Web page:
It provides responses for certain topics repeatedly brought up on the talk page. Providing similar answers each time a topic is brought up uses up many editors' time and energy. The FAQ addresses these common concerns, criticisms, and arguments, and answers various misconceptions behind them. (For information about the Wikipedia project itself, see Wikipedia:FAQ.)
These FAQ answers reflect the decisions found in the talk page archives. Please feel free to change them in light of new discussion.
Many of these questions arise frequently on the talk page concerning the battle of Gettysburg.
To view an explanation to the answer, click the [show] link to the right of the question.
Q1: Are the casualty figures accurate? (Yes.)
A1: As explained in the article subsection named Casualties, we are using a very recent source that has performed exhaustive scholarship on this subject—a lengthy book that is devoted entirely to strength and casualty figures, Busey and Martin's definitive 2005 work, Regimental Strengths and Losses at Gettysburg, 4th edition. We consider that this work supersedes previous works. Old estimates often had higher numbers, particularly for the Confederates, but they are considered less reliable.
Q2: Should the article characterize the battle as a Decisive Union victory? (No.)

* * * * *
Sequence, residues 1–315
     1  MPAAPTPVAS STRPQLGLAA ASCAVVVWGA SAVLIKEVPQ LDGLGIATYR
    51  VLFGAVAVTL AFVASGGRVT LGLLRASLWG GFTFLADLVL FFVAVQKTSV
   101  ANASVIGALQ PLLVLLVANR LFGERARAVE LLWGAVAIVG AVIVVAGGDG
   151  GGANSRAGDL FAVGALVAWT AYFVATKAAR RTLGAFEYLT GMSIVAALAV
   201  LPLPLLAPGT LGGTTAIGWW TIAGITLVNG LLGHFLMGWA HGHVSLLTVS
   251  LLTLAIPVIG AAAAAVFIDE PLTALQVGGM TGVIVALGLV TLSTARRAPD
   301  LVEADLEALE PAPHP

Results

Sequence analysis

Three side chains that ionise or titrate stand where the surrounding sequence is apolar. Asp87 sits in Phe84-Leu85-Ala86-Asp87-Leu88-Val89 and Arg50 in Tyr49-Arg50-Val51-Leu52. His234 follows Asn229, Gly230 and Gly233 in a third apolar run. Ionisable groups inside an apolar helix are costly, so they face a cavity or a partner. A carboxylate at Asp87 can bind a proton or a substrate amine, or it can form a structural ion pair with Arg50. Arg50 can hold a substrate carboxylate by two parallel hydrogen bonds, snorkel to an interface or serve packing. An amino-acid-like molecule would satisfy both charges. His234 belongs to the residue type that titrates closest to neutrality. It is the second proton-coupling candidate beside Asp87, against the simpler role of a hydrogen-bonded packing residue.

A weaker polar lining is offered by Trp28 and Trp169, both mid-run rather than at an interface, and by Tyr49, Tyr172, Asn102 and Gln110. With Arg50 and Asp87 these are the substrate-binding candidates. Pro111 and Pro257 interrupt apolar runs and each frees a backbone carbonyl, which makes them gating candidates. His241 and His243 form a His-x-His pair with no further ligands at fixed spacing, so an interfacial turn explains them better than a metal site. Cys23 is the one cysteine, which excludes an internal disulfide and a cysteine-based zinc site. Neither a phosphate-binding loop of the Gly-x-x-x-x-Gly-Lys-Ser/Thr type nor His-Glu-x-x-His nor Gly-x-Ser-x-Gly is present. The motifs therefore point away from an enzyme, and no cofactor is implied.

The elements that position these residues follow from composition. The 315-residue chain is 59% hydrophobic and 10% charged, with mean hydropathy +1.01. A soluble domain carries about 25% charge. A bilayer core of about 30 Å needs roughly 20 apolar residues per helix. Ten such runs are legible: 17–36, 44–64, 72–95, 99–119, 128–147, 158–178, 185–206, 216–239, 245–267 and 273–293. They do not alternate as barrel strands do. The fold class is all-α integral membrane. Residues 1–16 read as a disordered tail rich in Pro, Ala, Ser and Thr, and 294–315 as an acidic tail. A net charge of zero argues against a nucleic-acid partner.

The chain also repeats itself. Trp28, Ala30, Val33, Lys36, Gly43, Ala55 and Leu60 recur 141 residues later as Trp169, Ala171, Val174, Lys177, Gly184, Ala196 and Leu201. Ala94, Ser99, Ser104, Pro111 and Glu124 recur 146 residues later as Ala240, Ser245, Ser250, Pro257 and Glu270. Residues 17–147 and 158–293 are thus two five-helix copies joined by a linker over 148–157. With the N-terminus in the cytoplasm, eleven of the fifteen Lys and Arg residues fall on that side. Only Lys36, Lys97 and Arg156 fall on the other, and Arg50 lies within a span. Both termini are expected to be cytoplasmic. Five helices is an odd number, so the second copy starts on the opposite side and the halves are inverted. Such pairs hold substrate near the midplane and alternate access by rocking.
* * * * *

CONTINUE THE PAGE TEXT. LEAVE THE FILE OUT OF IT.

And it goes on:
A2: The simple answer is that many historians disagree about whether it was decisive. The more complex answer is that attempting to summarize a controversial subject in a single word is difficult and misleading. The summary Union victory is 100% accurate. Attempting to judge decisiveness could only be handled in an accurate, NPOV summary as Decisive/Indecisive Union victory or Arguably decisive Union victory with a very lengthy footnote that lists the opinions of many different authors. Furthermore, since the Wikipedia article on decisive victory actually presents three different definitions for the term (decides the outcome of the war, decides the outcome of the campaign, or simple unambiguous victory), the footnote would have to explain which of the three versions of the term is being used. Trying to handle that all in the summary box is a disservice to the reader.